David Cameron laughed at Caroline Lucas when she raised the no more page 3 issue. He's refused to even consider the damage that is done to girls and women by over sexualised. I will never vote for him for this alone. My protest vote was going to go to the greens.

This is a fantastic chance for you and the Labour Party to show you are a party that insists on equality. Please let's have an intelligent debate about violence against women and how women are portrayed in the media and if there are links. Let's also stop ignoring the impact of internet porn on our society.

And well done for being the only leader to say that you would have intervened while Nigella Lawson was being assaulted. Clegg fudged and Cameron diminished.

poor bloody nigella - as if what happened wasn't awful enough without it being splattered all over the media.

i'm like you on who the hell to vote for. i actually think as a woman and as someone with a commitment to ethics and justice there is no one currently fit to represent the british people.

Marylou2 Sun 30-Jun-13 16:12:02

Pathetic,patronising vote grubbing. We weren't born yesterday Mr Milliband.

wonderingagain Sun 30-Jun-13 18:33:19

I voted against the labour party for the first time at the last election too.

You had a lot of good women in the party and they all magically disappeared. If you don't put your egos in a box occasionally you will never get good women - women just don't do ego in that way and the party culture has got to change.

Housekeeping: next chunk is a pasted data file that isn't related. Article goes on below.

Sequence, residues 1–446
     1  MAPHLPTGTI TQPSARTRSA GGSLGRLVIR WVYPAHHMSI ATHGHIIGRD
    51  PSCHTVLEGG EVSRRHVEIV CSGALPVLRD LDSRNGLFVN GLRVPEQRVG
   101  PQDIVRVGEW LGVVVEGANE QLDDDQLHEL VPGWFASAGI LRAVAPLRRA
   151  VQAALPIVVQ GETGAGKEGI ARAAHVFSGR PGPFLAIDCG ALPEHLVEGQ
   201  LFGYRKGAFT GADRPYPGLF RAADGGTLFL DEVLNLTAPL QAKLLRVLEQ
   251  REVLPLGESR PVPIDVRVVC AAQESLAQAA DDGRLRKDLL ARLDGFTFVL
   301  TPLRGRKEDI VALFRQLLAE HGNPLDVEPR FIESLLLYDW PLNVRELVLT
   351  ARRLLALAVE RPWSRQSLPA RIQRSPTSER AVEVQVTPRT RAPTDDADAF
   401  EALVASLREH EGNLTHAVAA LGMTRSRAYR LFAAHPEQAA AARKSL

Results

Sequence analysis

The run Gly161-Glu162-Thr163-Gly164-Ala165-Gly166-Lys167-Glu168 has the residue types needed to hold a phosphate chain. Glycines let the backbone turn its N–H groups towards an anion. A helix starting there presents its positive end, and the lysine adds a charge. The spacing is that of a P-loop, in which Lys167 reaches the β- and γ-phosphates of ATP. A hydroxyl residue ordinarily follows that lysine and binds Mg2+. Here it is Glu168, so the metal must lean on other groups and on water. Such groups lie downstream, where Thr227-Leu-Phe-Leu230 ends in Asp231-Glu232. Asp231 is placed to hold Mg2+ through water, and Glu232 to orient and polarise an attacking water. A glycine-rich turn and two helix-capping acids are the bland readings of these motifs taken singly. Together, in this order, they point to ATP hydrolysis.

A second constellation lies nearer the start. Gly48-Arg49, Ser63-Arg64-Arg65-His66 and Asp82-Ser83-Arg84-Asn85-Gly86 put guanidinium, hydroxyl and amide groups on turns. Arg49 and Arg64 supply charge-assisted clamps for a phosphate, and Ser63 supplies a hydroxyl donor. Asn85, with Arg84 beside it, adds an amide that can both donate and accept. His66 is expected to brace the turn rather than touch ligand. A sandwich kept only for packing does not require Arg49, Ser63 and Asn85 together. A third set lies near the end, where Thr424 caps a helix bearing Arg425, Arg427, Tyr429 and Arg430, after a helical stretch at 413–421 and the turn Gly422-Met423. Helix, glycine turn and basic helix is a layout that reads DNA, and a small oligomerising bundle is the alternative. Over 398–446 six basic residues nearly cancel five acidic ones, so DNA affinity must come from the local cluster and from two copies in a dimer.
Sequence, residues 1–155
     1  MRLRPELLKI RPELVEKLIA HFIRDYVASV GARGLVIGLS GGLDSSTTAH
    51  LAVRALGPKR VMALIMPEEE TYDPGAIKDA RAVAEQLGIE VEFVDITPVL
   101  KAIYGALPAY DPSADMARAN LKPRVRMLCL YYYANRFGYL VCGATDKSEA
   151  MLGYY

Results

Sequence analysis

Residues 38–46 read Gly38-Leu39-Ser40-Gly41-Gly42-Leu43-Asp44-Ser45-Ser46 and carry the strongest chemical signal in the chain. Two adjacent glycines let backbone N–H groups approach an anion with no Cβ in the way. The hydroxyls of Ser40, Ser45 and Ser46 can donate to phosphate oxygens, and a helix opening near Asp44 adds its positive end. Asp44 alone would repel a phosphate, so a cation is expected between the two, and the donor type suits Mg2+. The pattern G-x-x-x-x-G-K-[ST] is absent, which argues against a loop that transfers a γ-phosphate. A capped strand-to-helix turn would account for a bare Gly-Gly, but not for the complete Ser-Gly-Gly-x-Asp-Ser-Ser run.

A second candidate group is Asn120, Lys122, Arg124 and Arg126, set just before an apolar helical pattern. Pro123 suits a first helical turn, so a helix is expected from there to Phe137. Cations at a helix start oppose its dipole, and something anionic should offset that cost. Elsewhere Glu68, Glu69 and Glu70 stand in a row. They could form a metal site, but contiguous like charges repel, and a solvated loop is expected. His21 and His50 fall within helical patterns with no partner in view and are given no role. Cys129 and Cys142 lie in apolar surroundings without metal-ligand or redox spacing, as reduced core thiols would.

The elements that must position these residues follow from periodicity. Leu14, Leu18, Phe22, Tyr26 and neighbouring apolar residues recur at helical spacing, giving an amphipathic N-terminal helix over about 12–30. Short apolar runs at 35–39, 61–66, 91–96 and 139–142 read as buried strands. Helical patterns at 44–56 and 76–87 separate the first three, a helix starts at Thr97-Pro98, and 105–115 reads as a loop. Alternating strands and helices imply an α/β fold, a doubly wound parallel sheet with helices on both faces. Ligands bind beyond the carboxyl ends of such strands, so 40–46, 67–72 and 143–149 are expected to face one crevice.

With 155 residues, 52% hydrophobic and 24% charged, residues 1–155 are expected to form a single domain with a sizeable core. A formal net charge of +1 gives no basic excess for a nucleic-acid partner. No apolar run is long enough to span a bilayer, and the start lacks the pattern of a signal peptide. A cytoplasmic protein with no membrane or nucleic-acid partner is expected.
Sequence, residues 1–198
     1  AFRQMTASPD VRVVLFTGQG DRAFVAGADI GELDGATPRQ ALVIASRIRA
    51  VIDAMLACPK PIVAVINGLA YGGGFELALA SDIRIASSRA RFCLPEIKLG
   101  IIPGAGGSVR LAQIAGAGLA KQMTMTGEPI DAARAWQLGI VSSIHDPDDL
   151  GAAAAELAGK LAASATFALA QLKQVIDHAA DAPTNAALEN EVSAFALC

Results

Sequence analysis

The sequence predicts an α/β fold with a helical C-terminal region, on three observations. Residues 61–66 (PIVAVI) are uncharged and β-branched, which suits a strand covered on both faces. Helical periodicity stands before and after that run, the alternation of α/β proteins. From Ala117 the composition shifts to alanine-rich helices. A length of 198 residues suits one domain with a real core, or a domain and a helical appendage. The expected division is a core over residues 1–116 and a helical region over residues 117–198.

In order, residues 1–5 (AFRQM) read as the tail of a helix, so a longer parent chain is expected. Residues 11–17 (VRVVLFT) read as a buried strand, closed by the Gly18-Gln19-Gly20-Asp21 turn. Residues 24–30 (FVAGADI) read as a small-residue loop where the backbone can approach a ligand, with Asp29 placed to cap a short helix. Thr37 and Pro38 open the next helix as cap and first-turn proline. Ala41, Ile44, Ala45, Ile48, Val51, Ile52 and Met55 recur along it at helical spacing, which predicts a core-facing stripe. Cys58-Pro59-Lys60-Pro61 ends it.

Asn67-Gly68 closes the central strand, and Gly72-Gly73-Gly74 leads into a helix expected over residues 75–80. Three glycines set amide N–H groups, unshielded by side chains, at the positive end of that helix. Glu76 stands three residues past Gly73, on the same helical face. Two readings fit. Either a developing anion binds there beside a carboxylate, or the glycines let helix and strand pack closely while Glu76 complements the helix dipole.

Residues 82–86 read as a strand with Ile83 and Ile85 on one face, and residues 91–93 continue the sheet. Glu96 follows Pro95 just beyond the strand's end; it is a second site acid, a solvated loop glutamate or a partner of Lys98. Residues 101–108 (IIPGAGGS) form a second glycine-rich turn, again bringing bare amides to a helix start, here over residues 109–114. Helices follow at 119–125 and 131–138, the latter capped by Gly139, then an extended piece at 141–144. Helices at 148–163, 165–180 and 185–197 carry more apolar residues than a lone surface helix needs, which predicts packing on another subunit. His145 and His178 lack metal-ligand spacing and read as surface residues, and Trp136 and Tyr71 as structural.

poorbuthappy Sun 30-Jun-13 22:02:33

Tis awful to realise that 51% of the population in this country, can not vote for a party who considers them useful. But because no one does.

I seriously worry for my 3 girls growing up in this society.

libertarianj Mon 01-Jul-13 00:10:21

oh no! not the bloody porn filters crap from him as well and the sexualisation of society bull shit. Maybe he should give up politics and write for the Daily Mail instead.

Wuldric Mon 01-Jul-13 04:38:18

Did this OP actually chime with anyone?

Do I care about banknotes? Not particularly. I care more about cabbies offering me a free trip if I have sex with them.

Do I care about relationship education? Not very much at all. I'd far rather have equal pay and equal chances for promotion and to sit at tables which aren't 90% male.

What is Ed actually suggesting behind all the hyperbole? What is his routemap to equality? Routemap? There is no routemap. He's not going to change a chuffing thing.

actually i really don't want school giving my son 'relationship' education at every stage especially when governed by a state so intent on social engineering and heteronormativity.

i want students made clearly aware of the law with particular regard to what constitutes rape, domestic abuse, sexual harassment etc and that is more a citizenship than 'let's talk about love and respect'. I'd like them to be clearly challenged and if needs be punished when they sexually harass girls in school (as we know happens) and where stuff comes up organically in the classroom for teachers to challenge and deal with misogynistic attitudes, victim blaming and rape mythology.

i would then like them to see what they are told about the law and rights and responsibilities being upheld in society - by seeing that people who do these things are punished and disapproved of rather than let off by courts, courted by the media if they happen to be famous and rather than seeing endless victim blaming and misogyny out there. otherwise we know, and they will know, that it's a joke.